Why Girls Leave Home: Victorian and Edwardian "Bad-Girl" Melodrama Parodied in Early Film
Abstract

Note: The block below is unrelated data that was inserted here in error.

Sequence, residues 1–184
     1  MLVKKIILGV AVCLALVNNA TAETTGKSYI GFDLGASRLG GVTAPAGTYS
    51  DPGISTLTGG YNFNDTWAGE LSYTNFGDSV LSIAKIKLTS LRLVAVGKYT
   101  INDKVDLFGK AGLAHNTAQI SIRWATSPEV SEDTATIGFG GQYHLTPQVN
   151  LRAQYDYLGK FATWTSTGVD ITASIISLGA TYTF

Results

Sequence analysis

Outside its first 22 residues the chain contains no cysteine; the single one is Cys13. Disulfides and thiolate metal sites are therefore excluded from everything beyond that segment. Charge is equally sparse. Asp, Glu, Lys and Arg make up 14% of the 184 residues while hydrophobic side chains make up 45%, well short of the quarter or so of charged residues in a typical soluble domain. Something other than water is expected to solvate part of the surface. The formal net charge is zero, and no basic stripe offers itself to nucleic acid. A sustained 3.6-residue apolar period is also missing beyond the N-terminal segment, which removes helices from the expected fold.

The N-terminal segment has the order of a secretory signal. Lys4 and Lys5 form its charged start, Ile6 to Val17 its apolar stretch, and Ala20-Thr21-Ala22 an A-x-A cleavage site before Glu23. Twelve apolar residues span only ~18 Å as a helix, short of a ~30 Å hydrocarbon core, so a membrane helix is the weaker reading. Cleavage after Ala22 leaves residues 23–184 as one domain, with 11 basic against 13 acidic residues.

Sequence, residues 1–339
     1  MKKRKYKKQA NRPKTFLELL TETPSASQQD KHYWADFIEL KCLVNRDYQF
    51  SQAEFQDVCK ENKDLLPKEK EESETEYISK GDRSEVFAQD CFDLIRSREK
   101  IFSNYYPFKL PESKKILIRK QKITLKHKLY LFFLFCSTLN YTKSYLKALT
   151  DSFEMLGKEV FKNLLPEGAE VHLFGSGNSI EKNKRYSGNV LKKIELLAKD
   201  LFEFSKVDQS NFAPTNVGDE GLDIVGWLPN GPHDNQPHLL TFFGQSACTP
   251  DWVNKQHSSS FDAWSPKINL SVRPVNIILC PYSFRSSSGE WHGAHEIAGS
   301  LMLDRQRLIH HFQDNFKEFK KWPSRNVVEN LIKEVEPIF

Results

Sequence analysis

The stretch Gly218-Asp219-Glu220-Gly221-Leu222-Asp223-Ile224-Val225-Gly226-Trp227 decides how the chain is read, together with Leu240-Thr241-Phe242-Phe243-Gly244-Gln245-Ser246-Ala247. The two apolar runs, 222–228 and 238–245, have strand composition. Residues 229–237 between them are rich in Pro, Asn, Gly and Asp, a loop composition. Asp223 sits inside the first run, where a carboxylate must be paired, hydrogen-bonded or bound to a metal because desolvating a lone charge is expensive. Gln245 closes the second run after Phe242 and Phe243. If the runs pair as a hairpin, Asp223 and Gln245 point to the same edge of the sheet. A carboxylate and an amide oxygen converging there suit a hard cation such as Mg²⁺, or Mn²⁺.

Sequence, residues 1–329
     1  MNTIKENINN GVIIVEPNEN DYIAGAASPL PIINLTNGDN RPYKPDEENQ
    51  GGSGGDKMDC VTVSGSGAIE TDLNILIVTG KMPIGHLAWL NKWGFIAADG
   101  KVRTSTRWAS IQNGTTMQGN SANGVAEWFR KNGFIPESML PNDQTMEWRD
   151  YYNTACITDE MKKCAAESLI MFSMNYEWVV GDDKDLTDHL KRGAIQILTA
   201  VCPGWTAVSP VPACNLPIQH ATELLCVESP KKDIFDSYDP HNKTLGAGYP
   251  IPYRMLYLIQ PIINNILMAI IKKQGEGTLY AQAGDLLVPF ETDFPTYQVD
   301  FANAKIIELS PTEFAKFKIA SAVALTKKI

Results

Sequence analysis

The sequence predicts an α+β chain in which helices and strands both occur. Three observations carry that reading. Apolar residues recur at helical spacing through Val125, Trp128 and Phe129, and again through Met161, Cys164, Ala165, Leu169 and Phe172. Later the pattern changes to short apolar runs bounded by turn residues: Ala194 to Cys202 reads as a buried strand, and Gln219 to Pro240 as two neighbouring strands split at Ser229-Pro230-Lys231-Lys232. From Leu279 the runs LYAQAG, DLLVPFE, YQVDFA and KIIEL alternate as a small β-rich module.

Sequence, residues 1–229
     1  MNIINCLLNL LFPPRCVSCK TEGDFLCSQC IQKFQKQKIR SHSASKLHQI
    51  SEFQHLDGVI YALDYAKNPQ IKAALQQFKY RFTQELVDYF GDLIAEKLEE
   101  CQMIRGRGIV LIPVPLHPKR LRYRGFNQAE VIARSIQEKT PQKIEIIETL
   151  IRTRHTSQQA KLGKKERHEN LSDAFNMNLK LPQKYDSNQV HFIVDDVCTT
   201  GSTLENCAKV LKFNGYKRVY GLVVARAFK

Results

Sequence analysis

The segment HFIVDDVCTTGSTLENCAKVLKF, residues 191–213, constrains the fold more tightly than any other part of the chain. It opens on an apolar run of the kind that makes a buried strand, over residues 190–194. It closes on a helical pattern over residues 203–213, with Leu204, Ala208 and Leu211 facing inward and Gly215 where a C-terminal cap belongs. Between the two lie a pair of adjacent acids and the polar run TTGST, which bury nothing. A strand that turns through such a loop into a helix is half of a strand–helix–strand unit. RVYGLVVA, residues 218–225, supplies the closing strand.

Purporting to depict an entire four-act stage play, Why Girls Leave Home, a six-minute Edison film made in America for the British market, dates either from 1909 or 1912. This film parodies the clichés of the Melville brothers' "bad-girl" melodrama, thus inviting study of Melvillian melodrama as a pervasive, if lurid, English theatrical genre, and similarly inviting investigation of the tactics of theatrical parody. The action of Why Girls Leave Home is described. The terms "girl" and "home" are analyzed in the contexts of turn-of-the-century Britain, where these words attained significance in relating to recently emancipated women, to work, to marital choices, and, adversely, to the inevitable consternation and social backlash that female independence brought. Melvillian melodrama is seen as a significant part of this widespread backlash. "Bad-girl melodrama" is also contrasted with "girl" musical comedy, especially girl-musicals presented at London's Gaiety Theatre that toured widely throughout Britain, the Empire, and North America. The Melvilles, theatrically successful, placed some of their stage dramas on early film. Parody, explicit in Why Girls Leave Home, creates a simulacrum of Melvillian drama in order to ridicule melodramatic plotting, inept and heartless gesticulatory stage acting, excessive reliance on stage machinery for sensational effects, and the propensity of such machinery to malfunction at critical moments of performance.


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